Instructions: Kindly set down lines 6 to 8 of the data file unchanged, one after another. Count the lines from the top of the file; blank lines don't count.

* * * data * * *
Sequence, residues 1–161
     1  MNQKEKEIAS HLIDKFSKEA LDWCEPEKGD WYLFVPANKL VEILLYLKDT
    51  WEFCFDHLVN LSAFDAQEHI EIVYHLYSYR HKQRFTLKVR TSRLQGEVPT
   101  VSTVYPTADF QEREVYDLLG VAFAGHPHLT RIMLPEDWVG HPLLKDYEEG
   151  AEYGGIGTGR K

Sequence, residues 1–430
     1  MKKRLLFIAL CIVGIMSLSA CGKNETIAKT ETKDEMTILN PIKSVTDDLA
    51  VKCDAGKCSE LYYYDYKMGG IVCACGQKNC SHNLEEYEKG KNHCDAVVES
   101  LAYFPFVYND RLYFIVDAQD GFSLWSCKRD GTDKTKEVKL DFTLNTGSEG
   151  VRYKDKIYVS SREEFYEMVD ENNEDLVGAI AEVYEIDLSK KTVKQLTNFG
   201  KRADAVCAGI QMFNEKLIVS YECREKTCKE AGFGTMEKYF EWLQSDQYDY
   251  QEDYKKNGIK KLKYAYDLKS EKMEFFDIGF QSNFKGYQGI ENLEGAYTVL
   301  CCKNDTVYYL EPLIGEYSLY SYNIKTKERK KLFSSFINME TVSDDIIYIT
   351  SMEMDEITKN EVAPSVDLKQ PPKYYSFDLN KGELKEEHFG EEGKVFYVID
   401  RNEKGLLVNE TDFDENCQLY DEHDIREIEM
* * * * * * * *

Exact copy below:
Sequence, residues 1–430
     1  MKKRLLFIAL CIVGIMSLSA CGKNETIAKT ETKDEMTILN PIKSVTDDLA
    51  VKCDAGKCSE LYYYDYKMGG IVCACGQKNC SHNLEEYEKG KNHCDAVVES